Only 3% of department chairs receive formal training before assuming their roles, according to Walter Gmelch, author of Department Chair Leadership Skills. What training the chairs do receive typically lasts no more than a few days and focuses almost entirely on policy and procedural information.
Yet at many institutions, department chairs are responsible for their program’s strategic direction and resource allocation. Their ability to make informed decisions regarding the financial sustainability of their programs, cost-effective delivery strategies, faculty workload, and more can define the success of the institution.
Although chairs certainly need training on faculty evaluation, course scheduling, legal compliance, and other procedural items, most institutions fail to provide the training chairs need in program and financial management.
One-day intensives teach key program management skills
The University of Toronto has created a program that empowers their nascent leaders by shifting the focus from procedures to strategy. The required one-day intensive immerses new department chairs in hypothetical decisions such as hiring strategy, fund availability for doctoral students, and program budgeting. The intensives allow new chairs an opportunity to simulate financial planning decisions before they arise.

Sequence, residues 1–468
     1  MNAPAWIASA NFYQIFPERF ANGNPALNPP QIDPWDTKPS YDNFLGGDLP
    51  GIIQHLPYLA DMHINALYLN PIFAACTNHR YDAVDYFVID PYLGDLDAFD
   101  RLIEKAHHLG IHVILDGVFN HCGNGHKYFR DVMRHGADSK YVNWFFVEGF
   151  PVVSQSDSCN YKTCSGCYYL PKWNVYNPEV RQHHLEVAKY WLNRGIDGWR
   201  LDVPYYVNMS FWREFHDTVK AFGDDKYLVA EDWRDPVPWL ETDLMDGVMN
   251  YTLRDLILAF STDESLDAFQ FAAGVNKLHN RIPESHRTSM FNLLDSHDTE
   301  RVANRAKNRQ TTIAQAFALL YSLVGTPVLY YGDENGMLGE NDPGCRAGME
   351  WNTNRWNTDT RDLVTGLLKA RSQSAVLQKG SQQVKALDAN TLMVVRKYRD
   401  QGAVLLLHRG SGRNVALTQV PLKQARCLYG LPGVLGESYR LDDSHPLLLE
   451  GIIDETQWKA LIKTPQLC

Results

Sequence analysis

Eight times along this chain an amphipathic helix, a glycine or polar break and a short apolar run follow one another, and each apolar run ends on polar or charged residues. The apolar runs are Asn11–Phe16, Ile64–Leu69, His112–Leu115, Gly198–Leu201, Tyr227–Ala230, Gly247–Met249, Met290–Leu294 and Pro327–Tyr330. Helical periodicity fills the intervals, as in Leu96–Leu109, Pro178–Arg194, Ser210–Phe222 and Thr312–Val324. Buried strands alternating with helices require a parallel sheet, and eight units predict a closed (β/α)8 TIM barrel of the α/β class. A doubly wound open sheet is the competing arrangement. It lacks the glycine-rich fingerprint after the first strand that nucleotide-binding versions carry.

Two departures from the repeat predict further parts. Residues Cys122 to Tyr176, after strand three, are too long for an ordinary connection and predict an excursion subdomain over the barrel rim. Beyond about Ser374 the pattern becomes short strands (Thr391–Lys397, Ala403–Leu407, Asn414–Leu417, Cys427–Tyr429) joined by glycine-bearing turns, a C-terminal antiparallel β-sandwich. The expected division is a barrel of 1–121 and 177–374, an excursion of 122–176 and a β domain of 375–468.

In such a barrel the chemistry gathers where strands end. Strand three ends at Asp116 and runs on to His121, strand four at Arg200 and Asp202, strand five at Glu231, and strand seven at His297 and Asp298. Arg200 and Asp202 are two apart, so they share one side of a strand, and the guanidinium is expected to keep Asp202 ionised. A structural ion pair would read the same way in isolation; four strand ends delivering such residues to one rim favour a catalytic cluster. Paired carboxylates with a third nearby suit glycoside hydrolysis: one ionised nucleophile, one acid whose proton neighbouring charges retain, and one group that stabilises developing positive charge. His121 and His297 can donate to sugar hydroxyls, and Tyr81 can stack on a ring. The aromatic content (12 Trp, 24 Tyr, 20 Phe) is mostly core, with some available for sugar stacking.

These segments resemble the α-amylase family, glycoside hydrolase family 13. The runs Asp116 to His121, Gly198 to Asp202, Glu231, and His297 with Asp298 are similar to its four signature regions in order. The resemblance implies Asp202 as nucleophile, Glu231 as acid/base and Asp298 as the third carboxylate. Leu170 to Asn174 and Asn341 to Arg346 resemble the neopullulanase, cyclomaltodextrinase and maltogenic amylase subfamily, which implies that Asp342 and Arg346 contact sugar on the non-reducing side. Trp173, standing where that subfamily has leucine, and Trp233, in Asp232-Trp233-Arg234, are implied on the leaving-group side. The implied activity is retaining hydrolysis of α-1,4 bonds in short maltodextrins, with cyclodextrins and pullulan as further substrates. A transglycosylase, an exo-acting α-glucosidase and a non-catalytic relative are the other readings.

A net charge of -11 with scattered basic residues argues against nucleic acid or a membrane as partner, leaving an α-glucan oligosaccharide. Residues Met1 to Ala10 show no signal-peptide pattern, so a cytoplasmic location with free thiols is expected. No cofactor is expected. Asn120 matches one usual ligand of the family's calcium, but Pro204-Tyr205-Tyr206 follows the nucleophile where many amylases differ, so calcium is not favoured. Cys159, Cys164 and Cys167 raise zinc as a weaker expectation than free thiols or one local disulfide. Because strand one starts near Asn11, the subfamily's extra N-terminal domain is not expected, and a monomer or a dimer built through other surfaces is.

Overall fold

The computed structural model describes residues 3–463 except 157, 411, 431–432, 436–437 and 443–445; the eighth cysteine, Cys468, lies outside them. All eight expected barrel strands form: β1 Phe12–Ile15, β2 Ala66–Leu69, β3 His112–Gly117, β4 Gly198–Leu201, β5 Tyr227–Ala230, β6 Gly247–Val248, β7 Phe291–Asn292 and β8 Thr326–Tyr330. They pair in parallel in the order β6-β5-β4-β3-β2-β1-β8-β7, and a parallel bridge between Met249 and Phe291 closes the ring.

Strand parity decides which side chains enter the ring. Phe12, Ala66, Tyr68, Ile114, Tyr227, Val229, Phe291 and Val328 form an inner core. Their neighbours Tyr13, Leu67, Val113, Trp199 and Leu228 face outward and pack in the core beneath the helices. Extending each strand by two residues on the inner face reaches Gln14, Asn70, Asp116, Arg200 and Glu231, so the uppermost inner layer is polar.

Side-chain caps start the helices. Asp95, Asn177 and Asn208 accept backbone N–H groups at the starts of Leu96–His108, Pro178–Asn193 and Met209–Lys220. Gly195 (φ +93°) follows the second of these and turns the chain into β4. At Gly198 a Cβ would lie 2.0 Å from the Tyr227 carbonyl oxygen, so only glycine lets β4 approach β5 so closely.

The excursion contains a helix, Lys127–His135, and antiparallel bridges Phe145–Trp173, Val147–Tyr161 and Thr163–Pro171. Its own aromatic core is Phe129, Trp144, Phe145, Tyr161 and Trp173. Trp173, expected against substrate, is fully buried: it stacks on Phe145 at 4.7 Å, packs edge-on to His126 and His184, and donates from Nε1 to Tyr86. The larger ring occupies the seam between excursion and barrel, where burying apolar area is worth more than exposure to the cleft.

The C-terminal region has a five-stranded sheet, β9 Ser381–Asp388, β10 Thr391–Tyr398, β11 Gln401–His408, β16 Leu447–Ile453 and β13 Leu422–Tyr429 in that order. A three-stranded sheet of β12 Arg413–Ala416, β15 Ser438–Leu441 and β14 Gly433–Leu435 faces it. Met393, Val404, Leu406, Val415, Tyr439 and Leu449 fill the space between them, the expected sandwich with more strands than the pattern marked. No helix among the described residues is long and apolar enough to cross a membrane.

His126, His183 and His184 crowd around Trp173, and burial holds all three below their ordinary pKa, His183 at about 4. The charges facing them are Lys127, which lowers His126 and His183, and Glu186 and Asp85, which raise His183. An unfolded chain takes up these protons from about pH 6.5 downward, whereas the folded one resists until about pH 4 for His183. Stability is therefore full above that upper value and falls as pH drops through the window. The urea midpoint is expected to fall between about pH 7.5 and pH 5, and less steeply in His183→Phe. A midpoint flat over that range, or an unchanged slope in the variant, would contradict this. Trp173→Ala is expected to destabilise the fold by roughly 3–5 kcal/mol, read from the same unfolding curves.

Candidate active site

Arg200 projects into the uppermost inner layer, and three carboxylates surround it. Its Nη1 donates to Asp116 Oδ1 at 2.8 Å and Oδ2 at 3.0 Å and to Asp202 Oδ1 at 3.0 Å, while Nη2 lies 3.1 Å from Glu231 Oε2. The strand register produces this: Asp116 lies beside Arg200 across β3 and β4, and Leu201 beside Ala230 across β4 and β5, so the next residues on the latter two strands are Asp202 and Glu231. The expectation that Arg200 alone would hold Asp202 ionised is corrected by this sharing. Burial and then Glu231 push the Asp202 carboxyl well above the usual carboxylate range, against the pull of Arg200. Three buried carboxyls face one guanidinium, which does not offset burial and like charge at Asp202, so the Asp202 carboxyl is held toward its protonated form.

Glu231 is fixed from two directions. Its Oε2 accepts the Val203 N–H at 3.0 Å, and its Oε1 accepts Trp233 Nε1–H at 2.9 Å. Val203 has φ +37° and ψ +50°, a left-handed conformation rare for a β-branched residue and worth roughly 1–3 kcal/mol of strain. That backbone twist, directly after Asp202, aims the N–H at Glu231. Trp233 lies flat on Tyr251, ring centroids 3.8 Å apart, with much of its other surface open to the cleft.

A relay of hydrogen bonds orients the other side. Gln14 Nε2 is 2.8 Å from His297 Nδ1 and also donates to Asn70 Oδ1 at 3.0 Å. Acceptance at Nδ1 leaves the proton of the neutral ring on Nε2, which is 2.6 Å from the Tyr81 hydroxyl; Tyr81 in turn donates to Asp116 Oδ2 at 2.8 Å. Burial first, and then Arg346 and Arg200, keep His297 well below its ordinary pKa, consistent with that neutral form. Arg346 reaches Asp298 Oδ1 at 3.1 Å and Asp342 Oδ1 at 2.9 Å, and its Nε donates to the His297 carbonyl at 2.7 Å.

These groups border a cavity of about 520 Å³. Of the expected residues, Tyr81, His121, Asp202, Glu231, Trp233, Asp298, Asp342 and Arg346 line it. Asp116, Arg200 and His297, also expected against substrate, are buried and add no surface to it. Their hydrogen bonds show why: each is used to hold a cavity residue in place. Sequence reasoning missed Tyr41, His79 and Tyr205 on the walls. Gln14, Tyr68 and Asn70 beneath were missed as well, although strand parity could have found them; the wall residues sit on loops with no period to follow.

The morning session imparts key financial management skills that chairs probably were not able to develop in their academic careers. This includes an overview of the university’s finances and insight into drivers of revenue and indirect costs in academic units.
In the afternoon session, participating chairs work collaboratively on a number of case studies. The scenario-based training allows them to put their newly acquired financial knowledge to work in small groups where they can engage with different perspectives and simulate some of the technical and financial decisions that they will routinely make in the course of their duties.
In addition to technical skills, the program teaches chairs how to think entrepreneurially and quantitatively, broadening their outlook beyond disciplinary considerations. Connecting case studies to the institution-wide budget primer not only better prepares chairs for their position, but also builds buy-in for larger university budgeting decisions.
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